3. A process according to claim 2 wherein the catalyst contains a promoting amount of at least one other metal from Groups VI and VIII and wherein the weight ratio of nickel to the total amount of promoting metals is from 0.521 to 500:1.

4. A process for the production of improved yields of commercially pure ethylene and butadiene from the products of the pyrolysis of substantially sulfur-free light hydrocarbons, which process comprises cooling said products of pyrolysis to produce a liquid aromatic distillate product and a first gaseous stream comprising ethylene, from 0.8 to 1.0 mole percent butadiene and from 0.10 to 0.25 mole percent acetylenes;

adding to said first gaseous stream an amount of liquid carbon disulfide to insure a sulfur level in said first gaseous stream of from 5 to ppm;

contacting said first gaseous stream with a hydrogenation catalyst comprising nickel in a first hydrogenation zone in the presence of hydrogen under hydrogenation conditions including a temperature from 225 to 500 F.; a pressure from 50 to 600 psig; and a space velocity of from 1,000 to 3,500 v/v/hr.; and

recovering a second gas stream containing from 30 to 200 ppm of acetylenes and without substantial reduction in the butadiene content;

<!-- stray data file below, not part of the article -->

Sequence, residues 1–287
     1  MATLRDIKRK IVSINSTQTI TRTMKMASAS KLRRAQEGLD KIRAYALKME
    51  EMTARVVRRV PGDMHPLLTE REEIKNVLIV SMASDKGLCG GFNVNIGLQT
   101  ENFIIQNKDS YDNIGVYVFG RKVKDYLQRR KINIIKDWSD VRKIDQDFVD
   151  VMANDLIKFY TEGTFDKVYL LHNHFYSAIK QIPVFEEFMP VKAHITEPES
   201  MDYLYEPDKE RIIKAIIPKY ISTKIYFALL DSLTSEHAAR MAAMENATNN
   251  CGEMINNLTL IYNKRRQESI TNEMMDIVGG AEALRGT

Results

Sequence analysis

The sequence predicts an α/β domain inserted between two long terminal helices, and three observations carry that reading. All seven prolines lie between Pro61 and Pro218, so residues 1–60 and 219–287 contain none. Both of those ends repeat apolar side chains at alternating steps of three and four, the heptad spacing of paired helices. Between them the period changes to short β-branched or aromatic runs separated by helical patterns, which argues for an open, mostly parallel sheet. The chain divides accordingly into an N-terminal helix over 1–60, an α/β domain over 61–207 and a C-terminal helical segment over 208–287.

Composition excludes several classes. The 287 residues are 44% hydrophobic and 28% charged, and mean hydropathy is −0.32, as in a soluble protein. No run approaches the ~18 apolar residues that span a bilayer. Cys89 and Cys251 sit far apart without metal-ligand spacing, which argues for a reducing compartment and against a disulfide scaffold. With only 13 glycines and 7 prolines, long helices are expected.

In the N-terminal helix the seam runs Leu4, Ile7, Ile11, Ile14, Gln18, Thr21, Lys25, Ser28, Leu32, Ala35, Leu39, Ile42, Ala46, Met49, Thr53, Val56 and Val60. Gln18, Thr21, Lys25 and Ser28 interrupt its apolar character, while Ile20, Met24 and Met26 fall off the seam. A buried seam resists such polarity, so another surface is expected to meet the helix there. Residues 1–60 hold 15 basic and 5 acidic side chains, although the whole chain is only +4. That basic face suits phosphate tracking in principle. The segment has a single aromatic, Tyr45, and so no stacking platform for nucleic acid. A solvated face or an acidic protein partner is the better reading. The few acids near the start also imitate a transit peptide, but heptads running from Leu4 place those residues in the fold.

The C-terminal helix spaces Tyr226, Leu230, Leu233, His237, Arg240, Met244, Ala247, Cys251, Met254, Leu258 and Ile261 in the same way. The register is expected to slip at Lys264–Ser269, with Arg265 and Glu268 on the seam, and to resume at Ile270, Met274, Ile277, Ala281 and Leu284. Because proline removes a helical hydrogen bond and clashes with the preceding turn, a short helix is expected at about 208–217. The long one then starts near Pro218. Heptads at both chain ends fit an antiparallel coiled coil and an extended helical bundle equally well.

separating from said second gas stream an ethylene fraction containing from 30 to 200 ppm of acetylene;

hydrogenating said ethylene fraction in a second hydrogenation zone with a hydrogenation catalyst under hydrogenation conditions including a temperature from 150 to 350 F.; a pressure from 100 to 450 psig; and a space velocity of from 1,000 to 6,000 v/v/hr. to selectively hydrogenate the acetylene content to a concentration of less than 10 ppm of said ethylene fraction.

5. A process according to claim 4 wherein the catalyst in the first hydrogenation zone is a nickelcobalt-chromium catalyst and the recovered second gas stream contains from 30 to ppm of acetylenes.

Referenced by
Citing PatentFiling datePublication dateApplicantTitle
US7319176Dec 13, 2004Jan 15, 2008Catalytic Distillation TechnologiesSelective hydrogenation of acetylenes
US20030089465 *Nov 2, 2001May 15, 2003David SchaibleProcess for producing microcrystalline cellulose
US20050154241 *Dec 13, 2004Jul 14, 2005Catalytic Distillation TechnologiesSelective hydrogenation of acetylenes
Classifications
U.S. Classification585/262
International ClassificationC10G70/02, C10G70/00
Cooperative ClassificationC10G70/02
European ClassificationC10G70/02
Legal Events
DateCodeEventDescription
Jun 19, 1987ASAssignment
Owner name: CHEVRON U.S.A. INC.
Free format text: MERGER;ASSIGNOR:GULF OIL CORPORATION;REEL/FRAME:004748/0945
Effective date: 19850701
Nov 7, 1986ASAssignment
Owner name: CHEVRON RESEARCH COMPANY, SAN FRANCISCO, CA. A COR
Free format text: ASSIGNMENT OF ASSIGNORS INTEREST.;ASSIGNOR:CHEVRON U.S.A. INC.;REEL/FRAME:004688/0451
Effective date: 19860721
Owner name: CHEVRON RESEARCH COMPANY,CALIFORNIA
Free format text: ASSIGNMENT OF ASSIGNORS INTEREST;ASSIGNOR:CHEVRON U.S.A. INC.;REEL/FRAME:004688/0451